Then, just as I felt like it was the last minute I could stand it any longer, she appeared. Curled up in the fetus position on the sheet. I glanced down, threw my head back and proceeded to tell Jeff to take his shirt off to do skin to skin contact. I held her for a second, but I didn't experience joy or bliss or astonishment or anything. Honestly. I felt empty, deflated, sad in a way. It didn't take long for an adrenalin rush to return though (maybe two minutes?), and I make me demand (haha) that baby in my arms. Jeff was so elated and he had worked hard to get her here too. I mean, eight months of putting up with my hormonal, hot, tired, pregnant ass and then 24+ hours of labor with a wicked-mouthed wife … yeah, he needed some gratification. He got it. The pics are amazing of how happy he looked. Adele rightly plopped down on my chest and found the left boob and then the right. It was amazing to see a wiggly, ALIVE, human being sitting on my chest, rooting, connecting, bonding to me. Me. This is it, I thought. Here I go. My journey is just beginning.
You know what is amazing? That as I finished the last lines of my birth story (finally, I'm a blogger!), I had tears of sheer joy of the wildly intense experience that giving birth to a child can bring. I love that little twerp and all that she brought with her wild ass to this earth. She's mine. All mine. I made a human! Incredible.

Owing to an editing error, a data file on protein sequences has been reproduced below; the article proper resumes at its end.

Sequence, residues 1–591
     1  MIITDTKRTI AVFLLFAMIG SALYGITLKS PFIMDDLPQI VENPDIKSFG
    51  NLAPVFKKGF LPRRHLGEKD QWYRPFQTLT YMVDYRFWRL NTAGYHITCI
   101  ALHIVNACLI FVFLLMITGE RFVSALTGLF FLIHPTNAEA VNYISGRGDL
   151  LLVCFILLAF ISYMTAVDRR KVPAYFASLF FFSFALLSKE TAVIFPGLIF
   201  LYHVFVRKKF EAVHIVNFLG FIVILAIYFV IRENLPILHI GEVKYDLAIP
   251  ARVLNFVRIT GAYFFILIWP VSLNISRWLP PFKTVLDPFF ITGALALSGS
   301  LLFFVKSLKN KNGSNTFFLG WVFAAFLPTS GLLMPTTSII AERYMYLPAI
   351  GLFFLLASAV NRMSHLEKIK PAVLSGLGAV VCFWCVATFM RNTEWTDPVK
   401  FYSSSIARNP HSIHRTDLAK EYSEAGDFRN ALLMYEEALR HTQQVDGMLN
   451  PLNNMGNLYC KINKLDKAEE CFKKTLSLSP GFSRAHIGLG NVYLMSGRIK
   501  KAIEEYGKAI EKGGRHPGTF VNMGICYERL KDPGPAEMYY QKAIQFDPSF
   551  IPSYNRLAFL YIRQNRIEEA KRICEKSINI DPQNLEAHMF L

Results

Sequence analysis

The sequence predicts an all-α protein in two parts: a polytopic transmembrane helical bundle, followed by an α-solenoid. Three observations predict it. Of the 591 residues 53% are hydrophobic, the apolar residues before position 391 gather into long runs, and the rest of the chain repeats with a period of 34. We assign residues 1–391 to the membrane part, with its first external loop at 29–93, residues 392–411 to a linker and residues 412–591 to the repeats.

When people told me about your heart “bursting” with love and “It's an experience that you will never get until you get,” I was kinda over it. I mean, I got it people. I'm going to love her like no other love. Okay. But to go through gut twisting, depths of hell wrenching and writhing pain inside of your body (pain that you know is about to happen so you get anxiety and fear about it too), and then see something that truly has been a part of you on a cellular level your entire life? It's organic at its finest. It's you. It's your partner. It's life. It's Adele. And “our” story can now begin.
I'm just editing this on November 16, 2012. Adele is one, and she is walking, she is talking, and she is amazing us every day with her journey. We are (surprisingly) pregnant again and I cannot describe how reading this birth story makes me realize how empowered I am. I'm so equipped with so much strength from the last year and a half with carrying a child, birthing a child, and raising a child. I am ELATED with the process of life. I am eternally grateful for the equipment, mental health, physical abilities, and genuine intuition to do this again. I get to grow another human inside of me and share the world with it. I'm so fortunate. I wouldn't know these things without the above story. I want to close by sharing an excerpt from my letter to Adele on her first birthday:
I'm grateful for the opportunity you have given me to be a mother, a parent, a model, and a guide. I have no regrets for the challenges and intense moments that have only illuminated my path and made me stronger in my journey. You are my balance. You light up my being. You are genuine love.
And..the journey begins….again.